1. Some are poorly constructed. Yes, if you build an LED that visibly flickers, it will have an effect. Decent, properly constructed LED lights do not flicker visibly. If it annoys or disturbs you, don’t buy from the bottom of the line. The “corner of you viewfield check” works well to determine whether there is possibly problematic flicker.

          1. Disagree.
            A casual corner of your field of view check would work for the very worst offending lights, but not the slightly faster ones or necessarily the insufficiently filtered ones.
            The difference between perceptible and visible.

          2. The problem isn’t single lightbulbs, but an office full of LEDs with PWM drivers that are slightly detuned, so you get the sum and difference of the waveforms as a result.

            Because of the persistence of vision effect, if the two lights happen to be on at the same time, it looks brighter than when the light pulses are interleaved. As the oscillators drift continuously, you get a slight stroboscopic effect which can throw you off, even cause nausea and epileptic fits in some people.

        2. I think the problem of “open offices” is another one. If I am right, that “open offices” are this halls of cubicles, then the problem is missing privacy and (acoustic) background noise – massive sources of distraction.

      3. LCD screens don’t flicker at the refresh rate, because they don’t fade and rescan the way CRTs did. The pixels just update directly to their new values, without the 17mS of fade in between.

        The thing is, lots of people are bothered by the flicker, and it’s generally very easily dealt with. designs with excessive flicker tend to be the cheapest of the cheap, and there’s really no excuse for visible flicker on things like room lighting.

        Part of what makes people dislike the “new light bulbs” is that a lot of them are really awful, whether it’s flicker, or terrible phosphors giving really bad colour rendering.

        To those of us with some knowledge on the subject, the solution is simple. Use bulbs that have better phosphors and a decent power supply design in places where you care, or simply stick with incandescent in places where efficiency is a low priority, and colour accuracy and flicker are critical.

        Yeah, there’s some “boomers” who use that as an excuse to resist change for no good reason, but that doesn’t make it any less true in other cases.

    1. “Dodo says:
      January 28, 2020 at 3:44 pm

      Would it not work better with a photodiode or phototransistor and some gain? Most solar cells have a very high capacitance (massive junction…) which really limits their BW.”

      Just replacing the solar cell with a phototransistor that goes higher in frequency (e.g. >100 KHz range) will not really help because you can not hear beyond say 10-20 KHz (depending on how old you are). Plus, the audio amplifier is also limited to the human audible bandwidth range. What you need to do is add a variable frequency oscillator and a mixer to downconvert what the phototransistor “sees” to the audible range, sort of like a how radio receiver works. The cheapest way to do this these days in terms of parts is by using something like a microcontroller with digital signal processing (DSP) capability to form most of what would become a software designed radio (SDR) for light. [An IQ direct down converting SDR can also be fairly easily made into a light transmitter. This would make the light receiver into a light transceiver.]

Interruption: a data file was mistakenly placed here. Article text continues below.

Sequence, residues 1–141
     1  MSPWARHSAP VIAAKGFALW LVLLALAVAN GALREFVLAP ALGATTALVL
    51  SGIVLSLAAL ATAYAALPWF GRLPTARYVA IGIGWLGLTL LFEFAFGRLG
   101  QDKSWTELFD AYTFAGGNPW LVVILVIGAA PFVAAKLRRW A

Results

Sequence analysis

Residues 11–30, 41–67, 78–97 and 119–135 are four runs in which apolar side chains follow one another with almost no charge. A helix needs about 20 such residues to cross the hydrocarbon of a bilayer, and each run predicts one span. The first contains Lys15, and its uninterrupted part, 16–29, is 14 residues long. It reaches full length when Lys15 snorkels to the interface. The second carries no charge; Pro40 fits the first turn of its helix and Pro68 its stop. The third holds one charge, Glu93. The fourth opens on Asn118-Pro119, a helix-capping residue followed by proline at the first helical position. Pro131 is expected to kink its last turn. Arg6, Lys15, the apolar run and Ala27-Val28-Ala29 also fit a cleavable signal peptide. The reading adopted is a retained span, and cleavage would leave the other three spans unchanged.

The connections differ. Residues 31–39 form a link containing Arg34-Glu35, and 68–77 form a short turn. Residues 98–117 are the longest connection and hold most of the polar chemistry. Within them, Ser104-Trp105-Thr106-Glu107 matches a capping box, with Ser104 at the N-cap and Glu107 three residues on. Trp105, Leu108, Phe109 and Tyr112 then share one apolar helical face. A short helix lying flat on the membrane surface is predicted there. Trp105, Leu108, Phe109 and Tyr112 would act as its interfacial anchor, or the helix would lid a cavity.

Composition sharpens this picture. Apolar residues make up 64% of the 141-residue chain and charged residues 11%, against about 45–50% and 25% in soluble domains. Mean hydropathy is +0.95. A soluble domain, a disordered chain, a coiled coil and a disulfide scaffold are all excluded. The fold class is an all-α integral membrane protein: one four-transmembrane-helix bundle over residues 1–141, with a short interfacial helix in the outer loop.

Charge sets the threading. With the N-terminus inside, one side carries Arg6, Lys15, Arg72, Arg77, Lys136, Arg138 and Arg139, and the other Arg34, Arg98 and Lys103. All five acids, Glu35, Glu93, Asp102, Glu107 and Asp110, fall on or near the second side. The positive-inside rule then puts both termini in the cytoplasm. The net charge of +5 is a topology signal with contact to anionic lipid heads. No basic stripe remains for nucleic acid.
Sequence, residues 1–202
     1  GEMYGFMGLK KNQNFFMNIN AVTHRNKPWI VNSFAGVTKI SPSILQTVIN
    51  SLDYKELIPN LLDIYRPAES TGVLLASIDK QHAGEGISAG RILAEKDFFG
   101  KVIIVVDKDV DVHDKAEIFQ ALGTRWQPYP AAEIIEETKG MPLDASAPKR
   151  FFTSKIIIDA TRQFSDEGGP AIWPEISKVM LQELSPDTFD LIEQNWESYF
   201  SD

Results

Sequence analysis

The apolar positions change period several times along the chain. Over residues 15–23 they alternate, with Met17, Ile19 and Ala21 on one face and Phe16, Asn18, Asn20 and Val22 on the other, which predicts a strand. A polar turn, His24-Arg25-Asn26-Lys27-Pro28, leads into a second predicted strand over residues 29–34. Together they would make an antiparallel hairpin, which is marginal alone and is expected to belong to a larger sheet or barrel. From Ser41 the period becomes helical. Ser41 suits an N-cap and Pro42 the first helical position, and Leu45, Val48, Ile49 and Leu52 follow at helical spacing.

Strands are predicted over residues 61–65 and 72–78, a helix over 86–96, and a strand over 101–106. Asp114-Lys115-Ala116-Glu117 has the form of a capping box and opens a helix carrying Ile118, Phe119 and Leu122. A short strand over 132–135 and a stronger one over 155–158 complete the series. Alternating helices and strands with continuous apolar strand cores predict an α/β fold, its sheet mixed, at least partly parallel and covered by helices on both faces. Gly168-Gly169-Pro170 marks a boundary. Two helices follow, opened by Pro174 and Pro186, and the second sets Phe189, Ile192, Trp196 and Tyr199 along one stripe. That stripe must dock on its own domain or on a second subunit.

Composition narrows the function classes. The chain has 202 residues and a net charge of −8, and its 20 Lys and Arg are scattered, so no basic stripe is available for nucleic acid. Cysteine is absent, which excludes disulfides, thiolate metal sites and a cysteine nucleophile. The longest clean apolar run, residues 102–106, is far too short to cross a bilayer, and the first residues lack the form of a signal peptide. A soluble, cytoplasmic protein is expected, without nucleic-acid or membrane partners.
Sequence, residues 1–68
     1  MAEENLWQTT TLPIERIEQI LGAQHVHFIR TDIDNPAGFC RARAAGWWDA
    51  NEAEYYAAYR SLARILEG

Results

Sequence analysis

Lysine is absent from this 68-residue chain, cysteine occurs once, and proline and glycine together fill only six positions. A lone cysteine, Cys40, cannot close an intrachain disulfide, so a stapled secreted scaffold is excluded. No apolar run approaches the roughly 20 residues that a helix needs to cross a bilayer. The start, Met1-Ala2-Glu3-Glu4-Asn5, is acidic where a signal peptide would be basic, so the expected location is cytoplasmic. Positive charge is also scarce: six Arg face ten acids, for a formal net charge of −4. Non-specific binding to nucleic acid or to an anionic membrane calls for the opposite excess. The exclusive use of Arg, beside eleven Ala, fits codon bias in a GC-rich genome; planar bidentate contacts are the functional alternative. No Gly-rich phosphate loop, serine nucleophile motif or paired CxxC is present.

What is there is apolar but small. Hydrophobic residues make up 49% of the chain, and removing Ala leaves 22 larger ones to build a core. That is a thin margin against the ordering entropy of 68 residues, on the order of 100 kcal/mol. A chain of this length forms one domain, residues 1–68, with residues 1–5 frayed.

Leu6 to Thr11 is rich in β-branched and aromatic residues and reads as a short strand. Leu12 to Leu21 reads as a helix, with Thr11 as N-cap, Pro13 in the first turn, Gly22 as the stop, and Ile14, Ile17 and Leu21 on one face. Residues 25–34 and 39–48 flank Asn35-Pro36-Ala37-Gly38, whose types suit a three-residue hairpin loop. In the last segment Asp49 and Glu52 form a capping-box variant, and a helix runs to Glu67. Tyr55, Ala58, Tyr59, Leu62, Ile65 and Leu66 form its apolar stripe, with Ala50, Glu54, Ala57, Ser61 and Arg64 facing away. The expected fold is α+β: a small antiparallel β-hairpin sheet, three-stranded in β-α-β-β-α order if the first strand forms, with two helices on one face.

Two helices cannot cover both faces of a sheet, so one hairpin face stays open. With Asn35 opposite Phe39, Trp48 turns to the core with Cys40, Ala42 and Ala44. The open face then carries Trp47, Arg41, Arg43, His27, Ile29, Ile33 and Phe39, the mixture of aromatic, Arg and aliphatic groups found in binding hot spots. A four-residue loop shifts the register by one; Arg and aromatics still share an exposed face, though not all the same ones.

A phototransistor like one from the Vishay BPW85 series might be a reasonable choice. It costs $0.72 in unit quantity, has a 2 us rise and 2.3 us fall time (~180 KHz Fc @ Vs = 5 V, Ic = 5 mA, Rl = 100 Ohms), is pretty sensitive over most of the human visual spectrum (works over 450 to 1080 nm), is quite linear over two or three orders of magnitude of incident irradiance (remember, the light receiver will have manual and/or automatic gain control), and a half power beamwidth of +/-25 degrees. However, the 3 mm diameter T-1 LED package tells us the physical aperture (light collecting area) is quite small compared to the much larger solar cell.

      1. The problem with a downconverter is that you don’t gain bandwidth, so listening to any really high frequencies would need a lot of retuning of the circuit. Realistically you’re probably not going to get more than 8kHz or so at most that’s in a range of hearing that you’re going to be able to hear anything useful at. (maybe double that if you only care if there’s sound present or not)
        once you’re up in that 100kHz range, you would really just be scanning with the dial, and the pitch of the audio wouldn’t tell you anything useful (unless you did it digitally so you know your offset), since you would only be able to hear 96-104kHz (Unless you want it really crude, and allow it to alias for a bit more range reflected at the ends of the scale)

        1. Good discussion here, and good call on the BPW85. Small diode? Use a lens, focus on it.

          Since you don’t really care about the quality of the flicker, but just its presence, you could get by with a divide-by-n downconverter instead. Diode, op-amp, into a binary counter, and then tap off the /8 or /16 outputs into an audio amp.

          Tuning the op-amp to work with your brightness levels and get the thresholds right for the counter might need a potentiometer and some practice. But this seems super doable.

  2. I could see our Xmas tree lights flickering when looking straight at them.

    If your phone has a high speed camera (240fps or more) the light flicker is very easy to see. I’ve been filming LED lights for awhile, very susceptible to the flickering of cheap LEDs